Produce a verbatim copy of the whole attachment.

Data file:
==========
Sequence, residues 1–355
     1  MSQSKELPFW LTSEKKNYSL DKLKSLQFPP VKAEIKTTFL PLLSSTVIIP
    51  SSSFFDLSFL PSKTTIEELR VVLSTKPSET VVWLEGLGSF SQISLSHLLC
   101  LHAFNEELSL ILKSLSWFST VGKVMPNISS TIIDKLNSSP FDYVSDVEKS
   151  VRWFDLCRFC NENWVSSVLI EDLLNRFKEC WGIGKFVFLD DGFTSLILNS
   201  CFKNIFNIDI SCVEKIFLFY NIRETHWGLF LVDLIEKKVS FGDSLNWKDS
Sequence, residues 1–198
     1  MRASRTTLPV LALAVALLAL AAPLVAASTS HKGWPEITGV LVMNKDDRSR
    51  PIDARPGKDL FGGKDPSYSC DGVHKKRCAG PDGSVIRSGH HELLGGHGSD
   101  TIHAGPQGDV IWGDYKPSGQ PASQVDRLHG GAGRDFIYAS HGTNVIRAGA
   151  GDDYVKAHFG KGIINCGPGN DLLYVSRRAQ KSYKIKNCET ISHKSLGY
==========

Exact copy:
Sequence, residues 1–355
     1  MSQSKELPFW LTSEKKNYSL DKLKSLQFPP VKAEIKTTFL PLLSSTVIIP
    51  SSSFFDLSFL PSKTTIEELR VVLSTKPSET VVWLEGLGSF SQISLSHLLC
   101  LHAFNEELSL ILKSLSWFST VGKVMPNISS TIIDKLNSSP FDYVSDVEKS
   151  VRWFDLCRFC NENWVSSVLI EDLLNRFKEC WGIGKFVFLD DGFTSLILNS
   201  CFKNIFNIDI SCVEKIFLFY NIRETHWGLF LVDLIEKKVS FGDSLNWKDS
Sequence, residues 1–198
     1  MRASRTTLPV LALAVALLAL AAPLVAASTS HKGWPEITGV LVMNKDDRSR
    51  PIDARPGKDL FGGKDPSYSC DGVHKKRCAG PDGSVIRSGH HELLGGHGSD
   101  TIHAGPQGDV IWGDYKPSGQ PASQVDRLHG GAGRDFIYAS HGTNVIRAGA
   151  GDDYVKAHFG KGIINCGPGN DLLYVSRRAQ KSYKIKNCET ISHKSLGY